We have previously stated that we would be concerned if there was evidence that bookmakers had deliberately shortened the odds of known or likely non-runners in order to maximise Rule 4 deductions for their own commercial gain to the disadvantage of consumers. We commented that such actions would be contrary to the statutory obligation to ensure gambling is fair.
We have completed enquiries into a race that formed part of a British Horseracing Authority’s (BHA) investigation into race-horse trainer David Evans and the events relating to bets made with Ladbrokes Betting & Gaming Limited (Ladbrokes) on his horse Black Dave on 9 January 2015.
Immediately after placing a bet on Black Dave with Ladbrokes, Mr Evans indicated that Tango Sky (the other horse he had running in that same race) would be withdrawn. Based on the evidence available, we concluded, and Ladbrokes accept, that a Ladbrokes trader had deliberately shortened the price on Tango Sky in order to maximise Rule 4 deductions.
Whilst the action was against company policy, Ladbrokes have acknowledged that they did not provide adequate training on the policy to all relevant staff. We also found that Ladbrokes had failed to appropriately review all information available to them prior to initially providing the Gambling Commission with what were proven to be inaccurate explanations as to the reasons for the price shortening on Tango Sky.
We have written to Ladbrokes to provide them with advice in relation to their conduct. We also wish to draw to the attention of the betting industry the learnings and best practice arising from this matter:
- Following this enquiry, Ladbrokes made revisions to its policy covering sports betting integrity and the misuse of inside information. These revisions mean that if it received similar information in the future markets would be suspended immediately and no price changes would be implemented. The market would not be re-opened until it was sufficiently clear as to whether or not the selection will participate.
- All members of the Ladbrokes trading teams have been required to complete refresher training on sports betting integrity and misuse of inside information for personal or commercial gain.
- All direct calls to the Ladbrokes trading team were/are recorded and audited to ensure that their relevant policy was/is followed correctly. These controls proved effective in identifying the sports betting integrity concerns in relation to Mr Evans which were reported to the BHA and ourselves in accordance with licence condition 15.1.2 before the race in question commenced.
To understand whether you are managing Rule 4 in line with the standards we expect, operators should ask themselves the following questions:
Policies - Do you have robust company policies that deal with sports betting integrity and misuse of inside information requirements? Do these policies appropriately cover the requirements laid out within licence condition 15.1.2 and ordinary code provisions 4.2.8, 7.1.3 and 8.1.2? Are the policies reviewed on a regular basis? Do they contain adequate detail to give guidance in relation to Rule 4 compliance?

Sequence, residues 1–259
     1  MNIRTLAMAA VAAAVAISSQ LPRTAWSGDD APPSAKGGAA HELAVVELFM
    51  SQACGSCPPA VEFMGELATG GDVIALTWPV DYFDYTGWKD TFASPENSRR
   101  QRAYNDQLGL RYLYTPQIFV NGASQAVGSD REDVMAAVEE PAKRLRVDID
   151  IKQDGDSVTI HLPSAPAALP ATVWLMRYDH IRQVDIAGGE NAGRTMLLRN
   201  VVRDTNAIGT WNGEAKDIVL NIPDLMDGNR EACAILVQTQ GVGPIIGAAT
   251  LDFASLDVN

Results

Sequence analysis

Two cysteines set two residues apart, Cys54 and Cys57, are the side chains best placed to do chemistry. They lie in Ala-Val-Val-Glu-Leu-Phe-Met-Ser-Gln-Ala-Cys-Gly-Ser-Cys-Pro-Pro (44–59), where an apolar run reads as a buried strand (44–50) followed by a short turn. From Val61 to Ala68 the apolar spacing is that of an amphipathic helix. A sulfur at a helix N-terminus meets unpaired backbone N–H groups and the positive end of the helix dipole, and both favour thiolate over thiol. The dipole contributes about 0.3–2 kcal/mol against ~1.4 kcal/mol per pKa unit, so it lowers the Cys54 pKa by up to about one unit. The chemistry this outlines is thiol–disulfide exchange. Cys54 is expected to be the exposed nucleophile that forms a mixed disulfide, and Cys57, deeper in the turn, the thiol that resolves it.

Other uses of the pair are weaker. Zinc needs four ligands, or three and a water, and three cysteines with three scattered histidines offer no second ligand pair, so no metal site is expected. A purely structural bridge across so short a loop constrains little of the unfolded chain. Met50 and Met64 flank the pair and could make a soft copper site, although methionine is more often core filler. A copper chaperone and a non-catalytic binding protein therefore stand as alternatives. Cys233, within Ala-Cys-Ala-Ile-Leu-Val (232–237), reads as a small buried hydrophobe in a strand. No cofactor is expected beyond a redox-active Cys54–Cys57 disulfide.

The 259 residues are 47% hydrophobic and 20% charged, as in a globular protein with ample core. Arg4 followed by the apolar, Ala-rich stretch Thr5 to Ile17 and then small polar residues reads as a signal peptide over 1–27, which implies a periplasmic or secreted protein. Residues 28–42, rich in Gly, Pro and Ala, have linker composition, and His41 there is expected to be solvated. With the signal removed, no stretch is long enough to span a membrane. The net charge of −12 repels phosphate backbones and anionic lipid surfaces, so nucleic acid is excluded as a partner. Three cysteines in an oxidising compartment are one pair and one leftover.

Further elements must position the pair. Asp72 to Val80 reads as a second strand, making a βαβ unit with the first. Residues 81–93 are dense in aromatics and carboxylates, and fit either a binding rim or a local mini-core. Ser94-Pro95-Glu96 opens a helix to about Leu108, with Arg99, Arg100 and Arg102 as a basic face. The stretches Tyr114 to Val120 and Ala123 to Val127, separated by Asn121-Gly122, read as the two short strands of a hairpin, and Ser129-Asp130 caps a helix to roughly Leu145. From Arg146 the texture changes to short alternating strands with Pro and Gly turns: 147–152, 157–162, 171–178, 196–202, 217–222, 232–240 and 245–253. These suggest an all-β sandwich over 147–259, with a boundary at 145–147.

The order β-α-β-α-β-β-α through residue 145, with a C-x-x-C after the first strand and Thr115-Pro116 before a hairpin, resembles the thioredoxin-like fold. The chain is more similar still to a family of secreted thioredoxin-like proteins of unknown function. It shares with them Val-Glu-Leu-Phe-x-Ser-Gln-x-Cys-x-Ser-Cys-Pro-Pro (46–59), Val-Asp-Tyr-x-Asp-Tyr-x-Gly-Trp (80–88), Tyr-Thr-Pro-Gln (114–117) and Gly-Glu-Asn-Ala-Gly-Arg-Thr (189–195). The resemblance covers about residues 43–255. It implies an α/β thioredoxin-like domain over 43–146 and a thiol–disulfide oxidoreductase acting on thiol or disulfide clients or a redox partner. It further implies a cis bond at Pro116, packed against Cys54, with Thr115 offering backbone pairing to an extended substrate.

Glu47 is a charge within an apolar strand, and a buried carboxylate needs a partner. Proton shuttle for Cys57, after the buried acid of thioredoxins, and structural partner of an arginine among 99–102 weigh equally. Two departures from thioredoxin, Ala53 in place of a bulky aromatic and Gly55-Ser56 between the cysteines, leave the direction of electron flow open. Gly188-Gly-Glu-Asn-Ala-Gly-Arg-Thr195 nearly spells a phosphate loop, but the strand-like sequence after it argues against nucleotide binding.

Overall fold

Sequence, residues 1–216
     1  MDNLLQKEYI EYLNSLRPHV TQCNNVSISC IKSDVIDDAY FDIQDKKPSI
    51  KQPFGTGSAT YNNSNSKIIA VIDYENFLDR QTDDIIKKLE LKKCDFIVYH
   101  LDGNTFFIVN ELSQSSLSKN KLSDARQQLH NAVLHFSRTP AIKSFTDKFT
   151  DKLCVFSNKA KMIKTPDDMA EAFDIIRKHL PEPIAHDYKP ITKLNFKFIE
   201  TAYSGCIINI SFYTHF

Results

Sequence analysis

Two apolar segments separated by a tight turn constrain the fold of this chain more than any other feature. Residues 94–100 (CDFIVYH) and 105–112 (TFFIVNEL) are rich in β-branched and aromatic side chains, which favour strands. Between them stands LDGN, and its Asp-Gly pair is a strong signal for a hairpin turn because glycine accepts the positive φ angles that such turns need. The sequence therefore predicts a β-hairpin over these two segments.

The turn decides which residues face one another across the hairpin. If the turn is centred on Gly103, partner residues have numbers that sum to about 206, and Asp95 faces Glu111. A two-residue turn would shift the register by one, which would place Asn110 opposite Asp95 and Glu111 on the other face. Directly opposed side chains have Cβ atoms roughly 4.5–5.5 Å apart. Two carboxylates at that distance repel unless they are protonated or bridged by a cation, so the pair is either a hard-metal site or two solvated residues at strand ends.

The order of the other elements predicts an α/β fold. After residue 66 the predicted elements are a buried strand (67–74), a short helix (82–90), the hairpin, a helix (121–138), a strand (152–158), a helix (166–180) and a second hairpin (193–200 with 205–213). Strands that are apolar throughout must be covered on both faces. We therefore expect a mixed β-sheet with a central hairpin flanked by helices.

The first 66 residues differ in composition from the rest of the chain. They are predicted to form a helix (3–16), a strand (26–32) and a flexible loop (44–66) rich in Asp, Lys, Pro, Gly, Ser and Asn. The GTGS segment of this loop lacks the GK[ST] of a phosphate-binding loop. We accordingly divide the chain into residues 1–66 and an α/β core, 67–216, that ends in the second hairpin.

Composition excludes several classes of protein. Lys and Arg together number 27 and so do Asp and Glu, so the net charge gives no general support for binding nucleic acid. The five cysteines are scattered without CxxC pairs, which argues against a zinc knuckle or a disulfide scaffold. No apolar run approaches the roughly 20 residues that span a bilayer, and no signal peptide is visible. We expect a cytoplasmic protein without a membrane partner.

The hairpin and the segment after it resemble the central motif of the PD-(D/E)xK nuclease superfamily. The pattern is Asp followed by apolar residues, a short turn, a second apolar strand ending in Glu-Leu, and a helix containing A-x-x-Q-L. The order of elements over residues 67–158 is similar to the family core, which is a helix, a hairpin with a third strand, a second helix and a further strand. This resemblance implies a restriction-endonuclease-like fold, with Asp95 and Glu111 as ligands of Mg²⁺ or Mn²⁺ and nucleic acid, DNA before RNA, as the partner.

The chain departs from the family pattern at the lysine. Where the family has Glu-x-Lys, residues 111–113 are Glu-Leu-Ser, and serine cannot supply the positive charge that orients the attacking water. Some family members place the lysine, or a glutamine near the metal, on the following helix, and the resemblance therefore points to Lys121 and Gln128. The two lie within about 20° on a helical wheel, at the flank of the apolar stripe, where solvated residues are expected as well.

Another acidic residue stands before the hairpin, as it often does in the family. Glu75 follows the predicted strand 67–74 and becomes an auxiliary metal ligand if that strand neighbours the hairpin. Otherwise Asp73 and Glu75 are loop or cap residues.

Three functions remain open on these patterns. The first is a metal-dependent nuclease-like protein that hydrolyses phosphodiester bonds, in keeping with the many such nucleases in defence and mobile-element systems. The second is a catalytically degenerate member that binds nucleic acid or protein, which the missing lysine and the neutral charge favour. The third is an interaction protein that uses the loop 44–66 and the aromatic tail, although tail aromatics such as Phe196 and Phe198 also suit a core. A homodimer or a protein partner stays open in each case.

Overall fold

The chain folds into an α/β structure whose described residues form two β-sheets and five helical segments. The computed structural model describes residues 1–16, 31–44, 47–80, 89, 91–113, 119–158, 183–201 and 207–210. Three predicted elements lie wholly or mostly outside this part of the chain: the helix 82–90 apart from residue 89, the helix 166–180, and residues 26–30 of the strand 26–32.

Training - Are all employees working within the trading team trained in this area? Are records maintained in relation to such training? Are employees aware of the implications of non-compliance, both to themselves and the business?
Assurance - Do you monitor and audit the activity of your trading team to ensure any breach of policy is identified and promptly escalated to the Gambling Commission’s Sports Betting Intelligence Unit and, where appropriate, the relevant sport’s governing body? Is there a clear process in place to manage this effectively?
Betting rules – Are your rules in relation to Rule 4 accessible and written in plain and clear language?
The industry needs to remember that its long term viability is built on customers having trust that they’re being treated fairly. Anything that is, or could be perceived as, unfair risks damaging the reputation of the industry as a whole.
We will continue to monitor the situation. If we become aware that our expectations are not being met, we will consider exercising our formal regulatory powers on both the bookmaker and wider industry. This could include, for example, seeking a licence condition that mandates a specific approach to Rule 4 that would mitigate the evident risk; namely, applying Rule 4 based on the price of the withdrawn horse at time of bet placement or the price of the withdrawn horse at its official withdrawal time as recorded by the British Horseracing Authority.
Notes to editors
- Rule 4 is a general rule of betting which relates to the reduction of winnings when a horse you have backed wins or is placed. They are made when a horse is withdrawn from a race because it becomes easier for the other runners to win. An amount of money is taken out of winnings to balance the effect of the non-runner.
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Posted on 04 July 2018